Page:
14 Songs, 48 Minutes

EDITORS’ NOTES

From the start, the Eli Young Band sought to combine Americana-style rock and mainstream country with a distinctively Texas feel. Those who know the group from its later recordings will find this re-released self-titled debut album of interest from several angles. The tracks capture a raw-yet-promising combo making up for its lack of polish with an abundance of ideas and enthusiasm. Band leaders Mike Eli and James Young come across as a budding Don Henley and Glenn Frey, trying their hand at melodic romantic ballads (“We Could Be Forever,” “Back of My Mind”), feisty Southern rockers (“I’m In Love,” “Guardian Angel”), and Tex-Mex flavored mid-tempo tunes (“Down On Padre”). Songs like “I Still Think It’s Me” and “When We Were Innocent” show that the group had hit-single potential from the word go. The album’s basic production is adequate but fails to capture fully the Eli Young Band’s brash energy as a Texas club attraction. As time went on, the group entered the big leagues, tightened up its sound and scored radio hits — but also lost some of its scruffy, let’s-try-anything spirit. It’s these latter qualities especially that make Eli Young Band well worth hearing.

EDITORS’ NOTES

From the start, the Eli Young Band sought to combine Americana-style rock and mainstream country with a distinctively Texas feel. Those who know the group from its later recordings will find this re-released self-titled debut album of interest from several angles. The tracks capture a raw-yet-promising combo making up for its lack of polish with an abundance of ideas and enthusiasm. Band leaders Mike Eli and James Young come across as a budding Don Henley and Glenn Frey, trying their hand at melodic romantic ballads (“We Could Be Forever,” “Back of My Mind”), feisty Southern rockers (“I’m In Love,” “Guardian Angel”), and Tex-Mex flavored mid-tempo tunes (“Down On Padre”). Songs like “I Still Think It’s Me” and “When We Were Innocent” show that the group had hit-single potential from the word go. The album’s basic production is adequate but fails to capture fully the Eli Young Band’s brash energy as a Texas club attraction. As time went on, the group entered the big leagues, tightened up its sound and scored radio hits — but also lost some of its scruffy, let’s-try-anything spirit. It’s these latter qualities especially that make Eli Young Band well worth hearing.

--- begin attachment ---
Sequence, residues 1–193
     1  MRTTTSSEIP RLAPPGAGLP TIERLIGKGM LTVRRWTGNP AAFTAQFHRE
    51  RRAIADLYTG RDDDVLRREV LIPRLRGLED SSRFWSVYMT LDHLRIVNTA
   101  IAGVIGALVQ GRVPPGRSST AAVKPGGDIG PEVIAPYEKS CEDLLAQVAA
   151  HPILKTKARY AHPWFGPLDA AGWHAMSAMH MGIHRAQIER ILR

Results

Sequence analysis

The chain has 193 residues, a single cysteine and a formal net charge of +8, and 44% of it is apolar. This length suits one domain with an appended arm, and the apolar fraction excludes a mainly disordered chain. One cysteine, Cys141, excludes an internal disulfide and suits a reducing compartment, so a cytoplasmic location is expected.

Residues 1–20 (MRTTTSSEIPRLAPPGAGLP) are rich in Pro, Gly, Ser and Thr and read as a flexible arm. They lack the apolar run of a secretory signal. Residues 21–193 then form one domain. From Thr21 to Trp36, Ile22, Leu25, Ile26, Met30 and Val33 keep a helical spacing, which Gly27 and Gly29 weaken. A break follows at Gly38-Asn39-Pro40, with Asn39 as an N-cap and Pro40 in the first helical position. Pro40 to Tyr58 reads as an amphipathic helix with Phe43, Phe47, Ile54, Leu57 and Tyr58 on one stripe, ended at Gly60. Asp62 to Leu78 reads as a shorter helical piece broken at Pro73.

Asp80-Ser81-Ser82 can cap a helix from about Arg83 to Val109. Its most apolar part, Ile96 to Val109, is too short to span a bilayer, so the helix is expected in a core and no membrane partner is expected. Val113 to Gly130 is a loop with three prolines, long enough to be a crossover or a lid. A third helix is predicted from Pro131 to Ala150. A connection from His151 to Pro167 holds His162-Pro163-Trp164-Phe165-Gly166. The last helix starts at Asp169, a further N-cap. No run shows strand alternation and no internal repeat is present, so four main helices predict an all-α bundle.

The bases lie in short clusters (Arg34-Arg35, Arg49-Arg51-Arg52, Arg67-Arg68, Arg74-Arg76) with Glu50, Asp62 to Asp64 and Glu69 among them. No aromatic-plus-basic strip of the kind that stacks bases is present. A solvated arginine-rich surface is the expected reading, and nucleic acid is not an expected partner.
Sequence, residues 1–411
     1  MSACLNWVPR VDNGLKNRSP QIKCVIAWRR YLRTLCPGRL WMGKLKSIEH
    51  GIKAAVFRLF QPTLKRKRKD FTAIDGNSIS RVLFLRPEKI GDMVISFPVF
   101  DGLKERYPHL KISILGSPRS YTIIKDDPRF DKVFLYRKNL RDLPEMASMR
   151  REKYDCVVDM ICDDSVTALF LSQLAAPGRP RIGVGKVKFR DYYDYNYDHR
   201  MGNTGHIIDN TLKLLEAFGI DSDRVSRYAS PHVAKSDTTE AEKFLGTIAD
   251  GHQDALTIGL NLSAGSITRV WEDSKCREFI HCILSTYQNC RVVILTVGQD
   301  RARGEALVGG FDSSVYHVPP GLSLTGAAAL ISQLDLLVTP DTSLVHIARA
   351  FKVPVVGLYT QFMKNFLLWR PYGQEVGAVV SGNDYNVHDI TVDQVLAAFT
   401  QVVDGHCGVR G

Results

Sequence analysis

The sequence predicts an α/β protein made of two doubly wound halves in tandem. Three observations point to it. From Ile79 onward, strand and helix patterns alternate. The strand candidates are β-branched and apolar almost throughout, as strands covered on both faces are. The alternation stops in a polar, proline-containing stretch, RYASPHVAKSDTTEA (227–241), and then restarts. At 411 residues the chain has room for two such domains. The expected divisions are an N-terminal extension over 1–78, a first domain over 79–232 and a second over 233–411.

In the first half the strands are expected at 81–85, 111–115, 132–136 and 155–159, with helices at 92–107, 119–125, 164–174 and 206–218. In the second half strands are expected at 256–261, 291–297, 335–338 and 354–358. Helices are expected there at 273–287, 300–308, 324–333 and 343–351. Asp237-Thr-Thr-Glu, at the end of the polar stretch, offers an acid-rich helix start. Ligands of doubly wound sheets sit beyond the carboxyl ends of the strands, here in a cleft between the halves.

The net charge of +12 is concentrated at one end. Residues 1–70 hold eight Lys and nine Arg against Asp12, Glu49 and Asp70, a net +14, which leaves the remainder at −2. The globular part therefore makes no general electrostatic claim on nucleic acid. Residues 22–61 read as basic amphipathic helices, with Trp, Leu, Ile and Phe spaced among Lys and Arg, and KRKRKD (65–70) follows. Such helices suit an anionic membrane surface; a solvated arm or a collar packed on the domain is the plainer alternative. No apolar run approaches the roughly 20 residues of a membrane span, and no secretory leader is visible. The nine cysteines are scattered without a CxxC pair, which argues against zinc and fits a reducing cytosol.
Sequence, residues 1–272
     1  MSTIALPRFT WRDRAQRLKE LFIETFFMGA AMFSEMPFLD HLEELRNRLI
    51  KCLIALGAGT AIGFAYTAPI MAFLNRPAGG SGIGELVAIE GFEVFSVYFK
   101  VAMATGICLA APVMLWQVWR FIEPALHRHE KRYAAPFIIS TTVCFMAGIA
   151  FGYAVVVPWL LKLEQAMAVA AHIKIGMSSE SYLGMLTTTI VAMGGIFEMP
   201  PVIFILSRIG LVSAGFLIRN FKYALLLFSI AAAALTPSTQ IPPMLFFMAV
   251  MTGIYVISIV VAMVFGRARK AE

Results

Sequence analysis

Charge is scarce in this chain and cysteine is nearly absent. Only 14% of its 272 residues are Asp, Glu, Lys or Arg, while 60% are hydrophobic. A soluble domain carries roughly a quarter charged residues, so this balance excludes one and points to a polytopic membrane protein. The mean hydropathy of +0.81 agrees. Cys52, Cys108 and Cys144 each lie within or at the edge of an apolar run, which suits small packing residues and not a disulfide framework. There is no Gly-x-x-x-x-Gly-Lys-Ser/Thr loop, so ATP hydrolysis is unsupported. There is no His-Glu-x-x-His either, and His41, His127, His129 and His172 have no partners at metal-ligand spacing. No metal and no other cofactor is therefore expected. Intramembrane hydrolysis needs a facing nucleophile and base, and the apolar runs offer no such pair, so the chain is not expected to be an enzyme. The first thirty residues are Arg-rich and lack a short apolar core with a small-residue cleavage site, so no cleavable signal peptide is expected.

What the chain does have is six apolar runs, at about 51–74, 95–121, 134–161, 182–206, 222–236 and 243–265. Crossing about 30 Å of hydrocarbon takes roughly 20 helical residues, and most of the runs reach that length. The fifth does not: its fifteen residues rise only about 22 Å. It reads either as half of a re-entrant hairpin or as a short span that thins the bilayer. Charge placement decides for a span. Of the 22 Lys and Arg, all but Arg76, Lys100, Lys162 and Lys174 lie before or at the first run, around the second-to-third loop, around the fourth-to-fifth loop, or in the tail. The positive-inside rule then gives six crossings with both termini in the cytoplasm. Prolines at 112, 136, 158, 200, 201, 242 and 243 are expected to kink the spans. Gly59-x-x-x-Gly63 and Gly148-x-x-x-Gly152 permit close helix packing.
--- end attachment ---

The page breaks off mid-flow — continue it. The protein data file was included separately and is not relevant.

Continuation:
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About Eli Young Band

Fusing a young man's take on heartland rock with the tougher side of Texas country music and the cocky enthusiasm of alt-country firebrands, the Eli Young Band have become a potent draw in the Southwest on the strength of local airplay and extensive touring. The Eli Young Band's story began when Mike Eli and James Young both enrolled at the University of North Texas and found themselves sharing a dorm room as freshmen. Both played guitar, and the two new friends started writing and singing songs together. Under the name Eli & Young, they began playing acoustic shows at local bars and coffee houses, and in time they expanded the band into a full electric quartet with the addition of fellow students Jon Jones on bass and Chris Thompson on drums, thus giving rise to the Eli Young Band.

The group became a potent local draw, and in 2003 opened a show for rising star Miranda Lambert. Producer Frank Liddell saw the show and was impressed enough to offer the band a deal with his independent label, Carnival Recording Co. The Eli Young Band's debut album, Level, appeared in 2005, and the songs "That's the Way" and "When It Rains" began scoring significant airplay in the Lone Star State. The Eli Young Band's enthusiastic live show helped them draw a large and loyal audience in the Southwest, where they were able to fill 2,000-seat venues as a headliner, and they toured the country as an opener for the likes of Pat Green, Cross Canadian Ragweed, and Jack Ingram.

In 2006, the group's live show was captured for posterity on the concert recording Live at the Jolly Fox, taped during a gig at a club in Huntsville, Texas. The Eli Young Band then landed a deal with the Universal-distributed Republic Records; a video for a new recording of "When It Rains" subsequently received extensive play on Country Music Television, and the group's first album for Republic, Jet Black & Jealous, was released September 2008, with "When It Rains" and two other songs from the album, "Always the Love Songs" and "Radio Waves," becoming Top 40 hits.

The follow-up album, Life at Best, delivered another hit, the Liz Rose and Lee Brice-penned "Crazy Girl." The album was well-received by fans and critics alike, and the following year the Eli Young Band were nominated for a host of awards, including a clutch of Academy of Country Music Awards, where they took home the Song of the Year accolade for "Crazy Girl," while they were also up for Grammys for Best Duo/Group Performance and Best Country Song. They soon returned to the studio to record sessions for their fifth album, and in 2013 the fruits of their labor appeared in the shape of the "Drunk Last Night" single, which raced to number one in the U.S. Country Airplay chart. Building on this success, they headed out on tour before announcing that 10,000 Towns was set to be released in 2014; it was preceded by the second single, "Dust." An EP called Turn It On was released in the spring of 2015. For 2017's Fingerprints, the Eli Young Band signed with the Big Machine subsidiary Valory. ~ Mark Deming

  • ORIGIN
    Denton, TX
  • FORMED
    2000

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